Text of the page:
Myths and truths about aspartame
Myths and truths about aspartame July 2017

We have all heard about LCHF, barefoot running, weight loss teas, colloidal silver, waist trainers... it’s a jungle out there! Something that has been written extensively about are sweeteners, where aspartame is the most mentioned one. Aspartame is a substance that most people associate with illness, which is not surprising considering everything you can hear on the news and read about in the newspapers. But is this true? Is aspartame really as dangerous as people seem to believe?

In order to discuss if aspartame is bad for you or not, one should know what the substance actually is. Aspartame (E951) along with sucrose, sucralose, cyclamate and acesulfame K is an approved synthetic sweetener. Per gram, aspartame contains 17 calories, but considering the amount needed to correspond to plain white sugar (sucrose), aspartame is basically calorie-free. Regarding the content, aspartame consist of two types of amino acids; phenylalanine and aspartic acid, which also can be found in our regular diet. These metabolise in the stomach and intestines to methanol. When JECFA (WHO's international expert group) in 1981 made an assessment using studies conducted on aspartame, they found that an intake of 40 mg / kg body weight and day (safe factor 100) is completely harmless. Several new evaluations have been made since then, but the recommendations remain the same. There are no findings that supports a reduced recommended daily intake, although aspartame is the most researched food additive (1)(2)

What people worry most about regarding aspartame seems to be its metabolite methanol. A common argument for this concern is that orange juice contains more methanol than drinks sweetened with aspartame, which actually is correct. Methanol can also be found in other fruits and juices in amounts that are completely harmless (2). However, there are a few studies that show that the methanol from aspartame is carcinogenic, but these studies have significant sources of errors. In particular, these studies have been conducted on animals who have been given doses of at least 4000 mg aspartame per kg body weight and day (compare that with the recommended daily intake of 40 mg / kg body weight and day). These studies are therefore not reliable and have been criticized by several other researchers and experts (3). Most studies also show that the methanol from aspartame doesn’t contribute to any health hazards.

Another common theory is that a drinks sweetened with aspartame would cause increased hunger and weight gain. This is something that is well studied and scientists gets the same results over and over; there is no association between aspartame and weight gain, hunger, blood sugar levels, insulin levels, cholesterol level or blood fat levels. (5)(6) A study from 2012 did a six-year experiment in which they compared water, milk, sugar-sweetened Coca Cola and Coca Cola Light regarding their impact on glucose tolerance, insulin sensitivity, blood pressure and levels of blood fat, blood sugar, insulin and leptin (factors that are being controlled when testing for diabetes eg.). The researchers could show a correlation between sugar-sweetened Coca Cola and liver fat, skeletal muscle fat, visceral fat (fat around organs), blood fat and total cholesterol while Coca Cola light had the same effect as water on all factors. (7)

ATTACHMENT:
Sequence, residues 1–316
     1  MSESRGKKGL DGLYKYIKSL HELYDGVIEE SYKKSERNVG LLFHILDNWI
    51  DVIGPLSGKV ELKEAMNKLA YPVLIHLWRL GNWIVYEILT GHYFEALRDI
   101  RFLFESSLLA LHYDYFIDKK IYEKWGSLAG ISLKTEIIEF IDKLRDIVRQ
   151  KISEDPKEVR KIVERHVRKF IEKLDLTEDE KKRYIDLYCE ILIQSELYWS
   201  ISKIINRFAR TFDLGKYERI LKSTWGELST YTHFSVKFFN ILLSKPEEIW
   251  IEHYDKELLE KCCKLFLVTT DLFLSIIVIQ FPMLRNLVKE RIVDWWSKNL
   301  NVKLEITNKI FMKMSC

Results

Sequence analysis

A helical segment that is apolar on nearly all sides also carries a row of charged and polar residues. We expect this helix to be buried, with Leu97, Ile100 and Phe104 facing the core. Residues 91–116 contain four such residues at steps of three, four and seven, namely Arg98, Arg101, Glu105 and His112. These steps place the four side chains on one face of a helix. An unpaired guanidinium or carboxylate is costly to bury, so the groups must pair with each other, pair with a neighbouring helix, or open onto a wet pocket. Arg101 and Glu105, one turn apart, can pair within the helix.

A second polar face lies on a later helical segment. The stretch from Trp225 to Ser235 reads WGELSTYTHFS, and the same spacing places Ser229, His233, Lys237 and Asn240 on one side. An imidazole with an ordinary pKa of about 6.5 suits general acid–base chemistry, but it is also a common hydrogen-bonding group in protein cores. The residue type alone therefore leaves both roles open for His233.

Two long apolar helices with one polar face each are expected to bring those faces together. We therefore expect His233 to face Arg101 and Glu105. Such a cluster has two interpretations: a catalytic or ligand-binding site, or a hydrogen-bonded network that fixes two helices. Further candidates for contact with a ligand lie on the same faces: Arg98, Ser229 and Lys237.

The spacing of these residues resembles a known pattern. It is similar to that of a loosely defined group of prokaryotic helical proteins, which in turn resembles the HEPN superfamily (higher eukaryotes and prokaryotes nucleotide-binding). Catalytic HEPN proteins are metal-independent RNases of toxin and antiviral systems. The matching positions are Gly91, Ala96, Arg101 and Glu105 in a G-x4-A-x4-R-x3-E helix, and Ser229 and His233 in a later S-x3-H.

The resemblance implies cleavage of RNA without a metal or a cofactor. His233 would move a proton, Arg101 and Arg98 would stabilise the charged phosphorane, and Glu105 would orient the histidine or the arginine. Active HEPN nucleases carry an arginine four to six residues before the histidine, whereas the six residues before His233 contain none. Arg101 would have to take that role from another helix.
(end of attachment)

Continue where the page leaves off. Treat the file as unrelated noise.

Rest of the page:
But if aspartame is proven to be harmless, why are there still people who argue against it? If I can guess, I believe that many people think that aspartame is too good to be true. Calorie-free and harmless, is it even possible? People become dubious and do studies about it in hope to “prove the truth”. This is most likely the reason why the studies that come with these “revolutionary results” are so bad. The researchers are simply too eager to find significant results that they choose an inadequate method, to few participants and/or something else that makes the results doubtful. In conclusion, there are a few studies showing a correlation between aspartame and some negative health factors, but these correlations can only be found with very large amounts of aspartame. Like with everything in life it’s about balance, if you consume aspartame in a dose under the recommended daily intake (which most people do with a large margin) there really is no need for concern.

Emma Fredriksson, bachelor's degree in sport science and health, physical therapist student and bikini fitness athlete

Abrahamsson, L., Andersson, A. & Nilsson, G. (2013). Näringslära för högskolan. s. 52-53. Stockholm: Liber.

Livsmedelsverket (2016). Aspartam. [2017-05-21].

EFSA (2013). Scientific Opinion on the re-evaluation of aspartame (E 951) as a food additive. [2017-05-25].

EFSA (2013). Statement on two reports published after the closing date of the public consultation of the draft Scientific Opinion on the re-evaluation of aspartame (E 951) as a food additive [2017-05-25].

Anton, S.D., Martin, C.K., Han, H., Coulon, S., Celafu, W.T., Geiselman, P. & Williamson, D.A. (2010). Effects of stevia, aspartame, and sucrose on food intake, satiety, and postprandial glucose and insulin levels. Appetite, vol. 55(1), ss. 37-43.

Santos, N.C., De Araujo, L.M., De Luca Canto, G., Guerra, E.N.S., Coelho, M.S. &  Borin, M.F. (2017). Metabolic effects of aspartame in adulthood: a systematic review and meta-analysis of randomized clinical trials. Critical reviews in food science and nutrition, vol. 10.

Maersk, M., Belza, A., Stodkilde-Jorgensen, A., Ringgaard, S., Chabanova, E., Thomsen, H., Pedersen, S.B., Astrup, A. & Richelsen, B. (2012). Sucrose-sweetened beverages increase fat storage in liver, muscle, and visceral fat depot: a 6-mo randomized intervention study. The American journal of clinical nutrition, vol. 95(2), ss. 283-9.

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